Learn How to Dry Food at Home

Food Education: How to Dry Food at Home

Most foods can be dried indoors using modern food dehydrators, counter-top convection ovens or conventional ovens. Microwave ovens are recommended only for drying herbs, because there is no way to create enough air flow in them.


A food dehydrator is a small electrical appliance for drying foods indoors. A food dehydrator has an electric element for heat and a fan and vents for air circulation. Dehydrators are efficiently designed to dry foods fast at 140°F.


An oven is ideal for occasional drying of meat, fruit leathers, banana chips or for preserving excess produce like celery or mushrooms. Because the oven may also be needed for everyday cooking, it may not be satisfactory for preserving abundant garden produce.

Oven drying is slower than dehydrators because it does not have a built-in fan for the air movement. It takes two times longer to dry food in an oven than in a dehydrator. Thus, the oven is not as efficient as a dehydrator and uses more energy.

READ MORE: Preparing Asun (Goat Meat Barbecue) in 7 Simple Steps

To Use Your Oven

First, check your dial and see if it has a reading as low as 140°F. If your oven does not go this low, then your food will cook instead of dry. For air circulation, leave the oven door propped open 2 to 6 inches. Circulation can be improved by placing a fan outside the oven near the door.

Because the door is left open, the temperature will vary. An oven thermometer placed near the food gives an accurate reading. Adjust the temperature dial to achieve the needed 140°F.

Trays should be narrow enough to clear the sides of the oven and should be 3 to 4 inches shorter than the oven from front to back. Cake cooling racks placed on top of cookie sheets work well for some foods. The oven racks, holding the trays, should be 2 to 3 inches apart for air circulation.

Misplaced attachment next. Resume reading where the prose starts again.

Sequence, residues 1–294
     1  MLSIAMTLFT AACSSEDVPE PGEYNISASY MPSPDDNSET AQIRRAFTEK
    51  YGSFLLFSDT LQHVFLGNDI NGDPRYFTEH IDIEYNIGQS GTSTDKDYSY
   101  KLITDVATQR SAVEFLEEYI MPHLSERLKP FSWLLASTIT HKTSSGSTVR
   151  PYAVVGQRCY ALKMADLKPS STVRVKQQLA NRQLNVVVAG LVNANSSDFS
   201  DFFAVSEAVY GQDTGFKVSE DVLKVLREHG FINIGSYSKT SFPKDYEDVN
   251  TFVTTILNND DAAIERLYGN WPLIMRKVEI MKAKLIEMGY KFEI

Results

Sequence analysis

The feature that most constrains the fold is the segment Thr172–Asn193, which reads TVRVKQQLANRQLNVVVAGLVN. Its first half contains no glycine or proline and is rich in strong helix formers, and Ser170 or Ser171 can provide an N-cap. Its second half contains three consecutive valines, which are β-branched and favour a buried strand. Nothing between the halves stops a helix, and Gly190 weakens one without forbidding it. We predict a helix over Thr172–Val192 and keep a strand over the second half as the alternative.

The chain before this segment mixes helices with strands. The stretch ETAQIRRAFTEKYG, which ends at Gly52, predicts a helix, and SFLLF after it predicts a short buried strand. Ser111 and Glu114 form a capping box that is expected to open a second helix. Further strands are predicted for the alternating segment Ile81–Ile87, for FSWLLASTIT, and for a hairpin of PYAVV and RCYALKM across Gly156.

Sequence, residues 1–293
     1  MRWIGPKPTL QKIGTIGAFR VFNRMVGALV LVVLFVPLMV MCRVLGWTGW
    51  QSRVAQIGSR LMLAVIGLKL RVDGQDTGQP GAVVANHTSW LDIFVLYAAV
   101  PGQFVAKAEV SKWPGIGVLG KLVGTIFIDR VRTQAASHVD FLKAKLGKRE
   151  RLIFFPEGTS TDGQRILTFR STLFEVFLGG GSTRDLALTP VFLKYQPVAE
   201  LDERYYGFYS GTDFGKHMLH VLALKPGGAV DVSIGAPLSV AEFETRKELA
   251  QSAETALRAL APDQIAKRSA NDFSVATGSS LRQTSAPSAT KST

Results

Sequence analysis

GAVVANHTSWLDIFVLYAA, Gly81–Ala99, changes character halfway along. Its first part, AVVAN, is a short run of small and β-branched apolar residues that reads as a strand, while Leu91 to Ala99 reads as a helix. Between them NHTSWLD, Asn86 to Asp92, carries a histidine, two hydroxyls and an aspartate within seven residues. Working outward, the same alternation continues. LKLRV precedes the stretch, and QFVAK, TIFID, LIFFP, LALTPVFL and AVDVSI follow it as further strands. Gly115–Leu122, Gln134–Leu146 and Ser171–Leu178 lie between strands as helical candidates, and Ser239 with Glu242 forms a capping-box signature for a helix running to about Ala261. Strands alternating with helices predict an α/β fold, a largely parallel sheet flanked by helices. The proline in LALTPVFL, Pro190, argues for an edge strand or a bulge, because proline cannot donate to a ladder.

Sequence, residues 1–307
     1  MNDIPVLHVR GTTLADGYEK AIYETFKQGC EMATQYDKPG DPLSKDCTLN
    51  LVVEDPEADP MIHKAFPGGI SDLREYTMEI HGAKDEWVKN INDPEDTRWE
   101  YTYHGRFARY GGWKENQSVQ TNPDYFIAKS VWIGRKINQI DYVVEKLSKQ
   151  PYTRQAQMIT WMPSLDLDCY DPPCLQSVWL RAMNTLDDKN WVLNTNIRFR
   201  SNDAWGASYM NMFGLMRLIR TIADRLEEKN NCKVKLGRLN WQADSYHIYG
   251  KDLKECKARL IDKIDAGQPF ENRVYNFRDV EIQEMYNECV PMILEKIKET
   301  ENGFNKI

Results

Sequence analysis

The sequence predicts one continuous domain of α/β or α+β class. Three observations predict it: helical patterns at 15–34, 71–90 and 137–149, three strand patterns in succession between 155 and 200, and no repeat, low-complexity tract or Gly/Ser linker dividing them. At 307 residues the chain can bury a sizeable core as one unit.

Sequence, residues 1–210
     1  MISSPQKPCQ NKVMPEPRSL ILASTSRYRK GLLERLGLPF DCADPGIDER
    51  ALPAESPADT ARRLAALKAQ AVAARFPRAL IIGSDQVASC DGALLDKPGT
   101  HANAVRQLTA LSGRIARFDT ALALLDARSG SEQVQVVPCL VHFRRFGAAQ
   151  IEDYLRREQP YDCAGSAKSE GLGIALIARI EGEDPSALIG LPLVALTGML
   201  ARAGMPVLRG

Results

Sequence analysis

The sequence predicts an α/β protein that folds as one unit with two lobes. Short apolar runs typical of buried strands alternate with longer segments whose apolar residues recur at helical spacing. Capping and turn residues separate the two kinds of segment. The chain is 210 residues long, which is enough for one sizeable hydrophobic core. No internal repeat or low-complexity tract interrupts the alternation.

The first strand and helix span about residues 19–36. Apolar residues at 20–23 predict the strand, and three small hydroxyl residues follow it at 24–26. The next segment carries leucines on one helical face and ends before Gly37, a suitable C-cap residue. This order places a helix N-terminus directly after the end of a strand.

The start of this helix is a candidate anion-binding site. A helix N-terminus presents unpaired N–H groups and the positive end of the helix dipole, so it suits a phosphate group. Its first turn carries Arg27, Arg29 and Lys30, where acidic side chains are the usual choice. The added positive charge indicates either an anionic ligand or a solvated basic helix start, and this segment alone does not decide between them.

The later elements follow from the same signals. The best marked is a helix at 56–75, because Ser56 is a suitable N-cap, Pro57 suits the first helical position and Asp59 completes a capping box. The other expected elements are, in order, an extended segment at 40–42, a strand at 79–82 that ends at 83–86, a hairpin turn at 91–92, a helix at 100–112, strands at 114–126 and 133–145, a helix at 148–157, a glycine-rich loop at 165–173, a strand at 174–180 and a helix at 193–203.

This method of drying differs from sun drying since it takes place indoors in a well-ventilated attic, room or car. Herbs, hot peppers, nuts in the shell and partially dried, sun dried fruits are the most common air-dried items.

Herbs and peppers can be strung on a string or tied in bundles and suspended from overhead racks in the air until dry. Enclosing them in paper bags, with openings for air circulation, protects them from dust, loose insulation and other pollutants. Nuts are spread on papers, a single layer thick. Partially sun-dried fruits should be left on their drying trays.


Dehydro-freezing is a new method of food preservation that combines the techniques of drying and freezing.

Fruits dried at home normally have had 80 percent of their moisture removed; vegetables, 90 percent. However, by removing only 70 percent of the moisture and storing the fruit or vegetable in the freezer, a tastier product result. The low temperature of the freezer inhibits microbial growth. Also, the food takes up less room in the freezer. Dehydro-frozen fruits and vegetables have good flavor and color. They reconstitute in about one-half the time it takes for traditionally dried foods.

Dehydro-freezing is not freeze-drying. Freeze drying is a commercial technique that forms a vacuum while the food is freezing. Freeze drying is a costly process which can’t be done in the home.


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